The systematic discrimination against them by the Israeli government includes land confiscations, limited budgetary consideration amounting to a four percent share only and the numerous laws passed to limit their rights. This systemic discrimination is what brought this group of mayors to Washington, DC and New York. Meeting with and learning from American minority groups such as Arab-Americans, African-Americans, Latino-Americans, Japanese-Americans and Jewish-Americans prompted leader of the delegation Mohammad Darawshe in his talk to emphasize his guiding vision “for Israel to become a society for all of its citizens in addition to serving what it defines itself as being: a Jewish and democratic state.”
Loyalties and investment
Such a statement and other similar ones raise many questions. Are Arab Israelis strategically invested in the betterment of Israel? On whose side should they be counted? Here is exactly where understanding the complexity of Israeli society comes into play. For one, this is the first time Arab Israelis are taking proactive steps toward effecting the outcome of the upcoming Israeli elections. A singular list of Arab candidates will run in this election instead of the usual crowded field of candidates splitting the Arab vote. In his remarks, Dr. As’ad Ghanem said “we will have one Arab Palestinian national list and 80 percent who will vote, will vote for this list, which is an historical achievement.” Although the effect of this new tactic has yet to be seen, it is reasonable to suggest that it will bolster the standing of Arab Israelis as a voting bloc. This is significant in this upcoming election as, by most accounts, Netanyahu is running on a platform that is consumed with giving a new meaning to the “Jewishness” of the state of Israel. The sentiment among the group is that it will make this election about “the status of Palestinians in Israel.” This means that the “Jewishness” of the state of Israel will lead to ethnic cleansing of its Arab population by mass expulsion should Netanyahu win. This is one side of their struggle, on the other side is their struggle against Israeli aggressions.
To that end, Mayor Ahmad Amer said proudly “Al-Bayariq,” citing an example of Arab Israeli resistance. Bayariq is a caravan shuffling a steady stream of Arab Israeli Muslims to and from the al-Aqsa mosque for the purpose of holding a continuous vigil and preventing any attempts by extremist Jewish Israelis to desecrate or vandalize the third holiest site of Islam. Since its inception 14 years ago, Bayariq (meaning banners or flags) has transported tens of thousands of Arab Israelis to al-Aqsa each year. When the Israeli authorities limited males access to the mosque by age group, women, who call themselves al-Murabitatt, took on the responsibility of holding the vigil.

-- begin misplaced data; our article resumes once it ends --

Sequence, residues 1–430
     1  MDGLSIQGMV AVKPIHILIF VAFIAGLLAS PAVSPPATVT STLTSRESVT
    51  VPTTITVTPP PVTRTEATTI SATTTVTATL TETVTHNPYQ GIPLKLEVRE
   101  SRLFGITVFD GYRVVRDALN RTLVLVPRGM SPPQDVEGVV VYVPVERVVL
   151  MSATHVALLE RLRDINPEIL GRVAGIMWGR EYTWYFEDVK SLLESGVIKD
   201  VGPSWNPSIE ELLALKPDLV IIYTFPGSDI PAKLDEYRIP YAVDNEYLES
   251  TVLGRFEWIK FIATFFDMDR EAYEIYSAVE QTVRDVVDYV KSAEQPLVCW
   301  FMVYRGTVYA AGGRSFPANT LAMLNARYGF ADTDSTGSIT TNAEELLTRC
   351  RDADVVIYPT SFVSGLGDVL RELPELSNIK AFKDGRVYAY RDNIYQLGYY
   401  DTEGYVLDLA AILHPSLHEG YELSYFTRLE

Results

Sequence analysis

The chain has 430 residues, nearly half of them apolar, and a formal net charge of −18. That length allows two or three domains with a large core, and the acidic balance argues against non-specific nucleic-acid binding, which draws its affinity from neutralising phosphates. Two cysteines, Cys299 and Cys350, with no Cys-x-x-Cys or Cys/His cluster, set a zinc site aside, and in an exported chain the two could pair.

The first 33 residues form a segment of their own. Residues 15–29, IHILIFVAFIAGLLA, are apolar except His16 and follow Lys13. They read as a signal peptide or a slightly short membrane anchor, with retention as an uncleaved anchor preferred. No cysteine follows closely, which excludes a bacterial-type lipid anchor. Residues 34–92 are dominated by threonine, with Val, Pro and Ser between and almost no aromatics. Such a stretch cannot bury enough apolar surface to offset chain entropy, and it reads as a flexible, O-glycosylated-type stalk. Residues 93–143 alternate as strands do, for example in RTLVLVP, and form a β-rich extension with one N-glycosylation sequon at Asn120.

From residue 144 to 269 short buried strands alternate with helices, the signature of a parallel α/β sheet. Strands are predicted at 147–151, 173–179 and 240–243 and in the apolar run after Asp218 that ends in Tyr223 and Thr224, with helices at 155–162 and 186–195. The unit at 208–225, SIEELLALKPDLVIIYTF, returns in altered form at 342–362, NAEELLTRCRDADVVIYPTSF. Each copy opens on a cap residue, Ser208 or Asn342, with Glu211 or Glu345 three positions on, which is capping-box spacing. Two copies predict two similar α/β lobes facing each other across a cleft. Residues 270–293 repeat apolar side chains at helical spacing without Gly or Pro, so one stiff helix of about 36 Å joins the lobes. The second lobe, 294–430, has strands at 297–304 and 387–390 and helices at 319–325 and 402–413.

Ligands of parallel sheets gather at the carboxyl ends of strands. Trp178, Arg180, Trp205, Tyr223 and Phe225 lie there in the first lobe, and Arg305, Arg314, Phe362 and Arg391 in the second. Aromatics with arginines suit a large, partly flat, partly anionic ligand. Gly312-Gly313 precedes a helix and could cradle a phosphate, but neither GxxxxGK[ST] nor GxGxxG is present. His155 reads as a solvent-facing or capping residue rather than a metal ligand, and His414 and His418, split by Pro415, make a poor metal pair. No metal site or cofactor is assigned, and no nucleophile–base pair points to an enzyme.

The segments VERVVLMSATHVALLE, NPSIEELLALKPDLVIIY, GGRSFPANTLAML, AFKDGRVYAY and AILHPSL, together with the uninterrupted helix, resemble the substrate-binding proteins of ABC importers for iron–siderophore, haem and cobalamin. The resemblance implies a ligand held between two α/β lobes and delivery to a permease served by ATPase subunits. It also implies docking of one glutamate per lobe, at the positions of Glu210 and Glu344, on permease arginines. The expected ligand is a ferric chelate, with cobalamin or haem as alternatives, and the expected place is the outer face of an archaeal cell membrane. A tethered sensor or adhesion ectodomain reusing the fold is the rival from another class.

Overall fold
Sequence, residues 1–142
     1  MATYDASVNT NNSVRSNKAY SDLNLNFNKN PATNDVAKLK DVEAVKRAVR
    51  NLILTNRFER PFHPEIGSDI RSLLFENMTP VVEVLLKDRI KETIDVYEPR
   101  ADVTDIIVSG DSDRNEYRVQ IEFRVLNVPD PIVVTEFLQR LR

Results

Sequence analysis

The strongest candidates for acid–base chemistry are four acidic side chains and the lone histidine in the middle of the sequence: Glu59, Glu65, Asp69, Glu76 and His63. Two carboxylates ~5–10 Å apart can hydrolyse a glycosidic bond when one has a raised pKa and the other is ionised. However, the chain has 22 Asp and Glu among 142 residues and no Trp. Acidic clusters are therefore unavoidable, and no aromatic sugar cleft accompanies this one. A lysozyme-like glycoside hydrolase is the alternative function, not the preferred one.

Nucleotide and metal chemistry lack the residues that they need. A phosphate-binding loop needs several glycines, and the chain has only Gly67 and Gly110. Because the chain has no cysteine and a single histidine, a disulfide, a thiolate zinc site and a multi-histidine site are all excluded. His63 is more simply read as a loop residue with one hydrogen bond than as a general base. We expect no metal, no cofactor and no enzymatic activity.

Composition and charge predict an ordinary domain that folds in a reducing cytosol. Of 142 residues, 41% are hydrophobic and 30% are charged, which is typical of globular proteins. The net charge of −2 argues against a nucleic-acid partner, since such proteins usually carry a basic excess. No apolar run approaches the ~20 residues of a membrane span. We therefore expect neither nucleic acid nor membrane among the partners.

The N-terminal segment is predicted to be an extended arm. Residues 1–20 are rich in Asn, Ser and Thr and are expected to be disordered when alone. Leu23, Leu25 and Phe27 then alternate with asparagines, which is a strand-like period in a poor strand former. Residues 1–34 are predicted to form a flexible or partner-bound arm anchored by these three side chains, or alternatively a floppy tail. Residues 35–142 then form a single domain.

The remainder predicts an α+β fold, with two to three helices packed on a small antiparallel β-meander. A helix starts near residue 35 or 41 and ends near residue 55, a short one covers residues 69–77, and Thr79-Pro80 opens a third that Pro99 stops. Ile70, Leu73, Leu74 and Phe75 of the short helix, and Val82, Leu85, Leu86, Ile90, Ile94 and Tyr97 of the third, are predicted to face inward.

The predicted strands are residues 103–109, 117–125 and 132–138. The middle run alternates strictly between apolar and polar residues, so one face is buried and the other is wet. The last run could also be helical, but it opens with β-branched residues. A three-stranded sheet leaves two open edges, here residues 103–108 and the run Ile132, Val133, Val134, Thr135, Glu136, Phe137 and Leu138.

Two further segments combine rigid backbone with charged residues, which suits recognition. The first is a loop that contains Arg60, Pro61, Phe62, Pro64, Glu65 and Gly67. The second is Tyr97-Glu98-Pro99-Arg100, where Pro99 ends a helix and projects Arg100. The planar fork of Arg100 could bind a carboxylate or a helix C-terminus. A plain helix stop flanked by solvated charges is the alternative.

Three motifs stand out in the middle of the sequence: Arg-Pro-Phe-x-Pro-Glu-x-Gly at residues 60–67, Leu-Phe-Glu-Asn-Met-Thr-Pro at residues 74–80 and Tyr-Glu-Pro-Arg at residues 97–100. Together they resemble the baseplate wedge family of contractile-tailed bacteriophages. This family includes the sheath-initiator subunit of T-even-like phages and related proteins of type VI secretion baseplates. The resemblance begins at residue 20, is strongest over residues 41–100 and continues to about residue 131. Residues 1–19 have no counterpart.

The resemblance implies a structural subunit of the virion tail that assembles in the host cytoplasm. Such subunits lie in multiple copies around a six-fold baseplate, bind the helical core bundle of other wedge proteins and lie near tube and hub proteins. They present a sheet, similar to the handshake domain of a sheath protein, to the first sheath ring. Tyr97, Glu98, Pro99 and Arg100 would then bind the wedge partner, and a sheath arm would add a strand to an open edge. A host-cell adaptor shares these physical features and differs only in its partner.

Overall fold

Arab Israelis are confident in their ability to protect the al-Aqsa for the time being. “Arab countries shouldn’t attempt to resolve the conflict before they resolves the conflicts within and between them” insisted one of the mayors. A hope in a resolution to the conflict still tickles the imagination of this group, albeit within a timeframe that is much farther in the future. Some are doubtful of the practicality of a two state solution believing the window of opportunity has closed on that option. Nevertheless, Israeli Arabs believe they have a role to play regardless of how a peaceful resolution would look because they believe they will be the “gatekeepers of the peace in the Middle East.”
Not knowing much about the Arabs of Israel is an unforgiven political travesty. It is time for Arab countries to accept their role in the conflict and educate their populations to see them for who they are with all of their complexity on political, racial and religious lines. The effects of allowing religious leaders to brainwash Muslim youth with demonizing narratives about Israel is problematic. When this is combined with the observable impotent policies of the Arab world in the face of Israel it drives some to join violent groups such as ISIS in a misguided effort to attempt to ultimately restore justice to the Palestinians - one aspect contributing to the instability of the Middle East, which Arab leaders can work toward fixing.
Walid Jawad is a former Senior Policy Analyst at U.S. Department of State and a former Washington, DC correspondent. He covered American politics for a number of TV outlets since 1997. Walid holds an undergraduate degree (B.A) in Decision Science and Management Information Systems and a Masters in Conflict Analysis and Resolution. You can follow him @walidaj